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Importing from Hungary: traditional bows and archery equipment of Turkey, Mongolia, the Magyar people, and other horse archers of the steppes.

Bowyer - Kassai Lajos, Hungary
North American Distributor - Edwin Gilbert, USA

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Our bows are made in Hungary by Kassai Lajos.

A master archer and horseman, Mr. Kassai has designed bows based upon years of painstaking research into the Scythian, Hun, Avar, Magyar, and Mongol historic styles. Highly related are the Khazar, Russian, Seljuk Turk, and Korean bows. Mr. Kassai references archeological digs in his country and elsewhere, historic texts, paintings, illuminations, and Magyar verbal histories before he reproduces a bow style. His search for historical documentation is ongoing. New bow designs and improvements on current bow styles are made with an eye toward historical accuracy achieved via modern technologies.

Kassai's bows are made with an eye toward historical accuracy achieved via modern technologies. As more fully described below, they are constructed either of Ashwood and Fiberglass or "Action Wood" (a hi-tech laminate with a base of maple).

The handle and ears are ashwood, the bellies are fiberglass. The wood and fiberglass pieces interlock and their joints wrapped together with nylon thread. Then the bellies are wrapped in leather and the joints again wrapped and glued using nylon or cotton cord. The bellies of the medieval originals were wrapped to protect the glue that held together the tendon, wood, and horn sandwich which gave them such great strength. The wrapping is used now to protect the fiberglass from the UV rays of the sun and reproduce the traditional look. All fiberglass is protected and hidden under wood or leather.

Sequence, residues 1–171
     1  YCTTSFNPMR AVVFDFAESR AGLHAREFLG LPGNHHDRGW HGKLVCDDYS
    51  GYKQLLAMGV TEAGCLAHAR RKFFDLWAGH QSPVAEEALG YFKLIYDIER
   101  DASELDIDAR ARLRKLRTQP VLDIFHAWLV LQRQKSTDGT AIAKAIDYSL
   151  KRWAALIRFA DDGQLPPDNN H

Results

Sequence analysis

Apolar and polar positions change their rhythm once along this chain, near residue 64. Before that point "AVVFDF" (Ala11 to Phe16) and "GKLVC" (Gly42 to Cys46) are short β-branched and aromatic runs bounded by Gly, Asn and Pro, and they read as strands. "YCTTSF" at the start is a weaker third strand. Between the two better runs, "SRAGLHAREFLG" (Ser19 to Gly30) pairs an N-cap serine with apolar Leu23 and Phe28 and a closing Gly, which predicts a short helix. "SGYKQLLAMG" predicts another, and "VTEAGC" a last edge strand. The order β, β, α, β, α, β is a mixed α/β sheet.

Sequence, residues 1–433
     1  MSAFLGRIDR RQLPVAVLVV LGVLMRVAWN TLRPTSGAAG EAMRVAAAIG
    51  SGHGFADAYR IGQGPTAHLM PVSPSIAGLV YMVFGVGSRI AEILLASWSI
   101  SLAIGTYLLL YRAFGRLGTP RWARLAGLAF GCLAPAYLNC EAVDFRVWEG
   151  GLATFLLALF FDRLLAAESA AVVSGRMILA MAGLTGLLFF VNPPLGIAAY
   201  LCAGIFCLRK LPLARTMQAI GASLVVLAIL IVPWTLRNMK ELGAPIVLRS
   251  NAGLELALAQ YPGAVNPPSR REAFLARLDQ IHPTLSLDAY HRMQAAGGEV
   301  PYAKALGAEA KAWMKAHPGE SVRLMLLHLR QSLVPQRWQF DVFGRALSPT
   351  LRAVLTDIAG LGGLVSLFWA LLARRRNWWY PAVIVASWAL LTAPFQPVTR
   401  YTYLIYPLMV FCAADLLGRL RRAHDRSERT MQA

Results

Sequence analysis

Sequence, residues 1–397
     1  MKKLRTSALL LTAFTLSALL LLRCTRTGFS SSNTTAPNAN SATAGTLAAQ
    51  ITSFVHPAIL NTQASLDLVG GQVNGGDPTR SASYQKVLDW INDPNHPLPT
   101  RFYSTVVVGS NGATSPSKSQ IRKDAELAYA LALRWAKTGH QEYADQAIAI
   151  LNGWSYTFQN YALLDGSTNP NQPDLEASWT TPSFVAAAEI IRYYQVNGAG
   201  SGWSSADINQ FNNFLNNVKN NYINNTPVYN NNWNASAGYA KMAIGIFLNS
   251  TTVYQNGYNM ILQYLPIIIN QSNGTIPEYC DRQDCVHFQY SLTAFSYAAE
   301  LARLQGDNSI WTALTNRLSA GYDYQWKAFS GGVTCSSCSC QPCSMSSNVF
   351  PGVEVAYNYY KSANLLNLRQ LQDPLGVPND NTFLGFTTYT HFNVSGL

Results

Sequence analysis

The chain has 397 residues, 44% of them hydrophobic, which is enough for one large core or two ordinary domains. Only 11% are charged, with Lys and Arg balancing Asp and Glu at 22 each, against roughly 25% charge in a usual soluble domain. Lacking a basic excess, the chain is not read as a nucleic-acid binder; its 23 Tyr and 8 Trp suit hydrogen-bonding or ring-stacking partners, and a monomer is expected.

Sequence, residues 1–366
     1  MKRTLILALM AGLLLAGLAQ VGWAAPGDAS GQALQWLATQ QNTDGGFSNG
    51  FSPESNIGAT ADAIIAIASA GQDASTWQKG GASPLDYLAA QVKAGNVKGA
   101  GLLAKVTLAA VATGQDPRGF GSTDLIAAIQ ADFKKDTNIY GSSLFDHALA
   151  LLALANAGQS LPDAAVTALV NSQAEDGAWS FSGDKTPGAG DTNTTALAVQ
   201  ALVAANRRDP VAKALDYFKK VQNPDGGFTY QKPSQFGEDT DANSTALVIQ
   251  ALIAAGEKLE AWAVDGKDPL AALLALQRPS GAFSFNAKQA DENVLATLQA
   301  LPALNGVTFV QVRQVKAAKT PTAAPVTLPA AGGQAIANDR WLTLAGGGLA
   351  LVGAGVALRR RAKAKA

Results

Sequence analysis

All of the bows are made without arrow rests, so may be used right- or left- handed. The pull is very smooth. The release is easy and the energy goes into the arrow, there is no energy left to cause handshock or "thrum" the string! They do not start stacking until beyond 30". The Hun does not stack, even at 38". This is accomplished by the leverage of the ears countering the increasing resistance of the fiberglass as it bends. The velocity of the cast is noticeable faster than a longbow or recurve of similar poundage. When you draw these bows, you pull against more weight for more of the length of the draw. This is good, as the arrow gets that full weight back as acceleration through most of the string's travel. When firing, there is little or no kickback.
These bows may be used either in the Eastern or Western style of shooting.

Some suggested modifications to shooting style:
  • Cant the bow 10 degrees to negate the lack of an arrow rest.
  • Consider lowering your pull point from ear to jaw, throat or even collar bone


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